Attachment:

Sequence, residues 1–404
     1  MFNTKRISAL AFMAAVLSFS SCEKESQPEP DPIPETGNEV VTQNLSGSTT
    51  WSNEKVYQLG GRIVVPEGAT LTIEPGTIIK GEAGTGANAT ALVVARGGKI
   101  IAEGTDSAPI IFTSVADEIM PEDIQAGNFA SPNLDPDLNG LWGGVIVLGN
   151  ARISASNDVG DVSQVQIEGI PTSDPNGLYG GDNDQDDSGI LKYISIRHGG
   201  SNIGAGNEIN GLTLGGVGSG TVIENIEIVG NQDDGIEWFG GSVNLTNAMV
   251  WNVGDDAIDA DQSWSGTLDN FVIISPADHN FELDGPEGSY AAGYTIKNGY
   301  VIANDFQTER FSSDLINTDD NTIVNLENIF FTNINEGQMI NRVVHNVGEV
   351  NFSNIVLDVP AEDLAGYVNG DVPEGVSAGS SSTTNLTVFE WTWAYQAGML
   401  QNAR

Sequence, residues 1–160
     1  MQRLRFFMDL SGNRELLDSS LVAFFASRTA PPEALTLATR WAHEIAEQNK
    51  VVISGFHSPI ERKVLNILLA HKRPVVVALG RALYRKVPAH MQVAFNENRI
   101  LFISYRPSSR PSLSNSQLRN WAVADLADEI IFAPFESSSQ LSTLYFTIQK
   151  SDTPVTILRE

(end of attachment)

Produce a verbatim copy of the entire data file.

Sequence, residues 1–404
     1  MFNTKRISAL AFMAAVLSFS SCEKESQPEP DPIPETGNEV VTQNLSGSTT
    51  WSNEKVYQLG GRIVVPEGAT LTIEPGTIIK GEAGTGANAT ALVVARGGKI
   101  IAEGTDSAPI IFTSVADEIM PEDIQAGNFA SPNLDPDLNG LWGGVIVLGN
   151  ARISASNDVG DVSQVQIEGI PTSDPNGLYG GDNDQDDSGI LKYISIRHGG
   201  SNIGAGNEIN GLTLGGVGSG TVIENIEIVG NQDDGIEWFG GSVNLTNAMV
   251  WNVGDDAIDA DQSWSGTLDN FVIISPADHN FELDGPEGSY AAGYTIKNGY
   301  VIANDFQTER FSSDLINTDD NTIVNLENIF FTNINEGQMI NRVVHNVGEV
   351  NFSNIVLDVP AEDLAGYVNG DVPEGVSAGS SSTTNLTVFE WTWAYQAGML
   401  QNAR

Sequence, residues 1–160
     1  MQRLRFFMDL SGNRELLDSS LVAFFASRTA PPEALTLATR WAHEIAEQNK
    51  VVISGFHSPI ERKVLNILLA HKRPVVVALG RALYRKVPAH MQVAFNENRI
   101  LFISYRPSSR PSLSNSQLRN WAVADLADEI IFAPFESSSQ LSTLYFTIQK
   151  SDTPVTILRE